Technically, the Glasgow Film Festival is not yet over at the time of writing (I still have at least six more films to see, aiming for a total of 30). The overall line-up of films may not have packed as many big-hitters as last year (Stoker, The Place Beyond the Pines, Byzantium and Cloud Atlas all premiered at the 2013 GFF), but by god, they can pick an opening film: Wes Anderson’s wonderful comedy The Grand Budapest Hotel was both an impressive coup for the festival and truly delightful way to kick things off, even if the opening night party dismally failed to include any Mendl’s cakes (the delicacies featured prominently in the film).
Sadly, I won’t be here for the Closing Night gala (I have an Oscar party to get to), but Jonathan Glazer’s haunting and mesmerising Under The Skin looks certain to close the festival in similar style, not least since large parts of it were shot in Glasgow using hidden cameras, meaning potentially that audience members may spot themselves on screen during the street scenes.
I’ve listed my Glasgow Top Five below (with review links where possible), but the unreviewed highlights included charming Indian romance The Lunchbox (in which a man and a woman who have never met communicate via notes left in a delivery service lunchbox, recalling Ernst Lubitsch’s The Shop Around The Corner) and Jason Priestley’s directorial debut Cas & Dylan, an emotionally engaging and laugh-out-loud funny road movie starring Richard Dreyfuss and Tatiana Maslany, who on the strength of her performances in this and TV’s Orphan Black is destined to be a huge star.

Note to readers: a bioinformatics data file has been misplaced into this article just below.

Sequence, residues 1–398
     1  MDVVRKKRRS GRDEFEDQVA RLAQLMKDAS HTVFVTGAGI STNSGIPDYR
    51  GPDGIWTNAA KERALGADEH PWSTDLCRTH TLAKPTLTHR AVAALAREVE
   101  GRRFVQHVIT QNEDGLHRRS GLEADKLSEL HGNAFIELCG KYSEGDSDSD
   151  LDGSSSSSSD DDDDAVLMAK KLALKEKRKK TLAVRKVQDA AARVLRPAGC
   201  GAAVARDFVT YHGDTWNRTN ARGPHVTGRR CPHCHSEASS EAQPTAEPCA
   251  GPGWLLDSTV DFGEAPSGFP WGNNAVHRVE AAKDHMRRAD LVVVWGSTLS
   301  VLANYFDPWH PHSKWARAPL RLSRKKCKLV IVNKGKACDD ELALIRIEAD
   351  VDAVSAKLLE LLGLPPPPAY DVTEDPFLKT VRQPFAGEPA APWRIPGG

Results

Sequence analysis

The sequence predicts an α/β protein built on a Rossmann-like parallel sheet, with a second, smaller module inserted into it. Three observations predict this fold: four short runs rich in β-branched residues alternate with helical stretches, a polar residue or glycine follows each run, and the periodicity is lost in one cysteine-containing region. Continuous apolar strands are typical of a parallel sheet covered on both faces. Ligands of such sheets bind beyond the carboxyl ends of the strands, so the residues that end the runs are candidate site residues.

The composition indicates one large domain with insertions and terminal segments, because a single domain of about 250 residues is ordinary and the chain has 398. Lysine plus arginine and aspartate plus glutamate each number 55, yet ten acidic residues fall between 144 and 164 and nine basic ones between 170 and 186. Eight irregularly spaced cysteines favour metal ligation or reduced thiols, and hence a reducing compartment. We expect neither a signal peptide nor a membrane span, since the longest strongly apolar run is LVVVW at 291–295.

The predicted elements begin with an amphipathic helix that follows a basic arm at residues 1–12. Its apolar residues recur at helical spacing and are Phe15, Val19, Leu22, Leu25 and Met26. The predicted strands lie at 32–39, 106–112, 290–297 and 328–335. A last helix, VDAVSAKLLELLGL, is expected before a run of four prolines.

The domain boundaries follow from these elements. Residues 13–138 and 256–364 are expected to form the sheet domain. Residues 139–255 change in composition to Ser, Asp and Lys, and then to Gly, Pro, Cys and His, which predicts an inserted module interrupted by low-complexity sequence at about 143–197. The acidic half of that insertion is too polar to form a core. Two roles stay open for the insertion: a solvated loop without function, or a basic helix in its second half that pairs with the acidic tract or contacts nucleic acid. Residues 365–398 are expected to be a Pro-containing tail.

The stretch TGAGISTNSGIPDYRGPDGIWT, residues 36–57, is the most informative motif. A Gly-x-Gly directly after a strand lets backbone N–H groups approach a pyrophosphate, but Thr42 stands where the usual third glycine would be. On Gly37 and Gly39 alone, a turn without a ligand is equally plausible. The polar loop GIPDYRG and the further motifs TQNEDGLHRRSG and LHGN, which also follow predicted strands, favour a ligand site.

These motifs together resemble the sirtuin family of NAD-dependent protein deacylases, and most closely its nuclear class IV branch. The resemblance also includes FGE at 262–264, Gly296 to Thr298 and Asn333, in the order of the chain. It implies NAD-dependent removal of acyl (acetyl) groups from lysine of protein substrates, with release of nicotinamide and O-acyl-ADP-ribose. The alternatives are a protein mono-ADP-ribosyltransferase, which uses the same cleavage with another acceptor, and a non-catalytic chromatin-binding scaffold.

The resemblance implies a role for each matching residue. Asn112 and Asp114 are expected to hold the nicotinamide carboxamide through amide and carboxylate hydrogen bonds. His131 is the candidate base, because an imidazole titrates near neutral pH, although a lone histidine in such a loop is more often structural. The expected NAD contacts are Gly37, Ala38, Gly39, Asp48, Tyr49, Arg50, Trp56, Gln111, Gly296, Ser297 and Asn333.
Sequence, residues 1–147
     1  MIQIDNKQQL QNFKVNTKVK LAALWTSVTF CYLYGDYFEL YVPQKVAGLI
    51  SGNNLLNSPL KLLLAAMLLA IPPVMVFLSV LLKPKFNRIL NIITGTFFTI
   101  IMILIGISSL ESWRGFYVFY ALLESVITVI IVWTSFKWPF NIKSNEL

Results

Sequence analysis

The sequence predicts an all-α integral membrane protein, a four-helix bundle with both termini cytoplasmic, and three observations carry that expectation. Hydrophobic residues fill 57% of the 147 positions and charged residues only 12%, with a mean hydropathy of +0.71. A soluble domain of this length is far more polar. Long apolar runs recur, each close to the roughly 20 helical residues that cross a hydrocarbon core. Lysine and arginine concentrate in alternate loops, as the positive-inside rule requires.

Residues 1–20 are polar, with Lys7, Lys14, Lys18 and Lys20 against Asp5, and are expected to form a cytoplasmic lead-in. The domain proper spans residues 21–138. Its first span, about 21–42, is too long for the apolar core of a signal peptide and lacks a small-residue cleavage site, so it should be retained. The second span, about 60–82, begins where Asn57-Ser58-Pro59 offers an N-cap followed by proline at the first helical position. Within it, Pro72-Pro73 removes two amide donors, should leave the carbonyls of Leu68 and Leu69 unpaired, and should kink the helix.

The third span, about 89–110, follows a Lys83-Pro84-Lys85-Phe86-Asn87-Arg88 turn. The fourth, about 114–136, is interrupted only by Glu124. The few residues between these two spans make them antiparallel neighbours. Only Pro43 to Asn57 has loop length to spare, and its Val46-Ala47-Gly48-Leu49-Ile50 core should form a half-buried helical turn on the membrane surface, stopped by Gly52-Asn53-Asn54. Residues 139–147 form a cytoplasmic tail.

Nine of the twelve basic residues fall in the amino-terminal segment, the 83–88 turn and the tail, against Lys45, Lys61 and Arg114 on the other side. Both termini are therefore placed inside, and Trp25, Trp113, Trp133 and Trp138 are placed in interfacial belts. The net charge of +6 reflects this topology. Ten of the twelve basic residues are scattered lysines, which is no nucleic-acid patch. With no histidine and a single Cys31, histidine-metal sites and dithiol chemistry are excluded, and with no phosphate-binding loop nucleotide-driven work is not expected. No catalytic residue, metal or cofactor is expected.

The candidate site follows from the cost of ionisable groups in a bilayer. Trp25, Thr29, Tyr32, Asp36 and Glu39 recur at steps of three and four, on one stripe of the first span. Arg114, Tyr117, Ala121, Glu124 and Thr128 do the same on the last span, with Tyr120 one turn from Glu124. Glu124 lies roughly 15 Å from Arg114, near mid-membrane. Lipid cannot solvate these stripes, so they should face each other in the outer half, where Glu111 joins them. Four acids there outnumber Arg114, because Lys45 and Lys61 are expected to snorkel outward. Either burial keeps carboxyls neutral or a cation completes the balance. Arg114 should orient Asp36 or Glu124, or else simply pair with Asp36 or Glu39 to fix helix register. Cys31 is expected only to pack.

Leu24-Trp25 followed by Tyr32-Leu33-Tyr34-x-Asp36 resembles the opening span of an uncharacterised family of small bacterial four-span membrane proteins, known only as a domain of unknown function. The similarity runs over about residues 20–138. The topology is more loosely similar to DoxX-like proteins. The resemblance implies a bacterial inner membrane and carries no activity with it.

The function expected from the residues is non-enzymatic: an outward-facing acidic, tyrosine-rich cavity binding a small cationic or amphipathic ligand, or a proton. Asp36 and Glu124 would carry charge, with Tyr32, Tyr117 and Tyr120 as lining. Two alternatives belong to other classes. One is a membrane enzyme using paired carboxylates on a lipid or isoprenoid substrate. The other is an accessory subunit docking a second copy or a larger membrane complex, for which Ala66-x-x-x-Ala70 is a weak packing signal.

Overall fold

One of the best things about Glasgow is its wonderfully eclectic programming and while there were many talks, discussions and events that I didn’t manage to get to, there are two particular stand-outs. The first was Dark Blood, River Phoenix’s uncompleted final film that had been restored by 81 year-old director George Sluizer, who narrated the missing scenes. The director gamely turned up for a hugely entertaining and jaw-droppingly frank Q&A, which must surely have left leading lady Judy Davis’ ears burning.
The second event was a screening of twenty minute short Black Angel, a mediaeval death fantasy that originally played before The Empire Strikes Back on its original cinema run and hasn’t been seen since. Director Roger Christian was present for a fascinating hour long Q&A session afterwards (“We couldn’t afford a dragon, so we got a bat,”) which included some delightful anecdotes about his time as a set decorator on Star Wars (he is, essentially, the father of the Light Sabre, or as he calls them, the Lazer Sword).
All in all, it’s been a fantastic festival, with my only real complaint being that it hasn’t stopped bloody raining in nine days. It’s almost as if the weather WANTS us to spend the whole time in a cinema …
Special mentions: Blue Ruin, Mood Indigo, The 100 Year Old Man Who Climbed Out of the Window and Disappeared, Grand Central and Ilo Ilo
I could also do an alternative Glasgow Film Festival Top Five comprised of films I had already seen at different festivals, which would look like this:
1. Under the Skin
3. Living Is Easy With Eyes Closed
4. The Past
5. Starred Up
By Matthew Turner